• Public awareness and understanding of water
    problems is increasing
  • Regulation and enforcement will continue to
    intensity
  • Huge economic (and human) capital investments are
    required

28
TechKNOWLEDGEy Report Trends
  • Increasing regulation and government oversight
  • Dilapidated infrastructure
  • Conservation and efficiency
  • Focus on recycling and reuse
  • Better measurement and monitoring
  • Technological solutions
  • Residential water consumption
  • Surge of investment in water
  • Ownership changes and consolidation
  • Consolidation in the private sector
  • Controversy over privatization and out-sourcing

29
AWWA State of the Industry Report
  • Comprehensive survey program started in 2004
  • Developed to answer the need of AWWA members for
    information regarding key water industry trends
    and issues identified through the Member Tracking
    program
  • SOI results is presented annually at ACE and more
    detailed information published in The Journals
    October issue
  • Other articles are published in many different
    media based on SOI insights
  • Data from the SOI have been used extensively by
    AWWA to drive fact-based strategic decisions, not
    just intuition
  • SOI Reports are attracting increasing interest
    from others in the trade press, further
    broadening awareness of AWWAs leadership

30
Objectives
  • Develop high value insights regarding the key
    issues facing the water industry
  • Identify issues of importance not being
    adequately addressed to raise awareness and bring
    higher industry priority
  • Identify and track important industry trends on a
    going basis
  • Emerging critical issues
  • Utility capital spending

31
Methodology
  • 10,000 AWWA key members were mailed surveys in
    early March 2008
  • Over-sample of MAC and Canada to boost returns in
    these important segments
  • Over 1,900 surveys eventually returned
  • Experienced and knowledgeable respondent base
  • 53 have over 20 years experience in the water
    industry
  • 53 have a four-year college degree or higher,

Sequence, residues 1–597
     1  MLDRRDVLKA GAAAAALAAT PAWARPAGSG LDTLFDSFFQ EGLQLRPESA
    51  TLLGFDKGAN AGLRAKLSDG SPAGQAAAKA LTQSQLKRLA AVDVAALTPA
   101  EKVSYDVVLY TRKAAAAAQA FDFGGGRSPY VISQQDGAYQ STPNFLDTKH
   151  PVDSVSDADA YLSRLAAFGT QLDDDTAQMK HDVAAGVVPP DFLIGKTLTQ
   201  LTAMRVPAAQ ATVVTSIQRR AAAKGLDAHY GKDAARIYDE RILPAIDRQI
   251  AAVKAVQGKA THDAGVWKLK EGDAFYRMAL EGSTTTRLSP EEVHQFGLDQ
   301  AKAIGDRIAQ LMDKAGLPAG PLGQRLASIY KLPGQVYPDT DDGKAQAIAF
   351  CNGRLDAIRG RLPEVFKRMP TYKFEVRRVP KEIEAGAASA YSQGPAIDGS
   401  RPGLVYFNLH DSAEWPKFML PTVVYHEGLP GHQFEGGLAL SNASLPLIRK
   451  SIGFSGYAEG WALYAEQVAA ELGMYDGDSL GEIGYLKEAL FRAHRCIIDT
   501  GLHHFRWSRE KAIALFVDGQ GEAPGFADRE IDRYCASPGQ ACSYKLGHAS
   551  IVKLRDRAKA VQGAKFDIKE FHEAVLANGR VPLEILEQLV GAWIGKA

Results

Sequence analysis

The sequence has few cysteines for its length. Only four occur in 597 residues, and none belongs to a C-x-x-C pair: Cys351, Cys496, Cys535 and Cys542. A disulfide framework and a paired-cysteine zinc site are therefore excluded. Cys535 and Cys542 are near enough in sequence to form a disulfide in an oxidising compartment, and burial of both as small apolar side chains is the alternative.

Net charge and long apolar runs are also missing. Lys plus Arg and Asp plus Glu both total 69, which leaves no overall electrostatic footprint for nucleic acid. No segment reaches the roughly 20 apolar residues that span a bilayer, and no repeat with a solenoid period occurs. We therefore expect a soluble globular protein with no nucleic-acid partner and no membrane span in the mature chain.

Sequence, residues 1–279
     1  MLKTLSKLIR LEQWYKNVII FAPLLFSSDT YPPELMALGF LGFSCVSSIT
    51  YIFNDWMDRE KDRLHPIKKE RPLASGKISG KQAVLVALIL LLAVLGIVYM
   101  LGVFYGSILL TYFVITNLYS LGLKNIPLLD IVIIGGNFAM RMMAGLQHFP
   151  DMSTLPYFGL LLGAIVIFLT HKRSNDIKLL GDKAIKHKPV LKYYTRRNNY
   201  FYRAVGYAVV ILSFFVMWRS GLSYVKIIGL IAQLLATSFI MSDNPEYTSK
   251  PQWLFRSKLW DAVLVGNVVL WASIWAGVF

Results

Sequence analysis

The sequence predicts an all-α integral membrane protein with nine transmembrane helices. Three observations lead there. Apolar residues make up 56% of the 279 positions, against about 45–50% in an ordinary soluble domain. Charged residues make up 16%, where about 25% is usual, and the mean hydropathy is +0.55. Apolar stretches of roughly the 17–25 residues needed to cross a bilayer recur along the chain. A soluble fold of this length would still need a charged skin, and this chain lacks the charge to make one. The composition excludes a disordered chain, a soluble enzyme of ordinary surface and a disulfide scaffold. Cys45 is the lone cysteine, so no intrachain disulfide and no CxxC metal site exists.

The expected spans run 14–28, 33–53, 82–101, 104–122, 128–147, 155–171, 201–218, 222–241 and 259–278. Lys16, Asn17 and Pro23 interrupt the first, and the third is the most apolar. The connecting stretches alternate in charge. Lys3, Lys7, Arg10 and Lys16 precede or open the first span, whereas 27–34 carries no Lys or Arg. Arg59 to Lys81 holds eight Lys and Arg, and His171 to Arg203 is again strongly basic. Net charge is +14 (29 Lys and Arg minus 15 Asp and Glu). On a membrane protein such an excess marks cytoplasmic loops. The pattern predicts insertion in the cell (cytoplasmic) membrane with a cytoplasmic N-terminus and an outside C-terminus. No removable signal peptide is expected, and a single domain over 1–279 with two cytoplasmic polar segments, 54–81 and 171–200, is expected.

with 30 having a Masters, PhD or other advanced
    degree

32
Overall Industry Soundness
  • Please begin our survey by answering two
    broad questions about how "sound" you believe the
    industry to be. In other words, how do you
    perceive the overall health and vitality of our
    industry from your unique perspective?
  • In your opinion, what is the current overall
    state of the water industry?
  • Not At Very
  • All Sound Sound
  • Looking forward, how sound will the overall water
    industry be five years from now?
  • Not At Very
  • All Sound Sound

33
Methodology
  • Next, respondents were asked to describe in their
    own words critical issues that are
  • Facing the industry in the next 1-2 years (near
    term)
  • Facing the industry in the next 3-5 years (long
    term)
  • Inadequately addressed
  • Then a wide range of scaled questions regarding
    specifically named issues, opinions and
    demographics

34
Summary of Findings
  • Slow but steady decline in future soundness of
    the water industry
  • For the first time, future soundness rated lower
    than current soundness
  • Related in part to a spike in Source Water
    concerns regarding pharmaceuticals in water
  • Mounting concerns about sufficient availability
    of treatable water contributed
  • Infrastructure decay, financing infrastructure
    repair and regulatory compliance, and workforce
    issues continue to wear on future optimism
  • Since the study was in the field in March/April
    2008, the current economic turmoil is not
    reflected in the data

35
Recommendations
  • SOURCE WATER ISSUES
  • AWWA should lead the way to develop research that
    helps manage emerging contaminant issues,
    particularly regarding understanding of true
    effects on health of emerging contaminants
  • Address Source Water Supply issues
  • Source water protection
  • Sustainable sourcing to meet shifting/growing
    demand
  • Water rights and planning for large geographies
  • (e.g., how are the Great Lakes to be used as
    potable water resources in the future)

36
Recommendations
  • INFRASTRUCTURE
  • Awareness of the ticking time bomb of the
    declining infrastructure is viewed as being more